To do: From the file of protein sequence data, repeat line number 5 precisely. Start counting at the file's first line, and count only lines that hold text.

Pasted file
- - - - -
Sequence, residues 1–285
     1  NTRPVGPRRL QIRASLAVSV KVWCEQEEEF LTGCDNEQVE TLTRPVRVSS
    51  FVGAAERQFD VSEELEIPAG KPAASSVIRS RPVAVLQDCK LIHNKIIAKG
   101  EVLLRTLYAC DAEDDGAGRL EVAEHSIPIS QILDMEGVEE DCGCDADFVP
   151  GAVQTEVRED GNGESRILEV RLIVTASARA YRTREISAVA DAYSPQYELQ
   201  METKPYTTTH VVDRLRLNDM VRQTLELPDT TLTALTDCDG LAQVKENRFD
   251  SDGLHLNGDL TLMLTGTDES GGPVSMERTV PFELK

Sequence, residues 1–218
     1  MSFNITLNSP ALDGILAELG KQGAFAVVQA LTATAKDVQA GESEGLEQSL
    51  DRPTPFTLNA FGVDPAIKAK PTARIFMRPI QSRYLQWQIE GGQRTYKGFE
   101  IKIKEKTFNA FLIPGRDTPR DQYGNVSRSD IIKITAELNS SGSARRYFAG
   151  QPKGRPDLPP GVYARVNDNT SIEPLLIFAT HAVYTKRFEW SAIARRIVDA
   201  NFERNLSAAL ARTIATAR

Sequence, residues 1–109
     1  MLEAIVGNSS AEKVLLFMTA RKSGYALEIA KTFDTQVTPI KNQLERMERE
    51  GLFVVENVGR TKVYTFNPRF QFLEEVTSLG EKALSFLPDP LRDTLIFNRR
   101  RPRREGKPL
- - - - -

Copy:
   151  GAVQTEVRED GNGESRILEV RLIVTASARA YRTREISAVA DAYSPQYELQ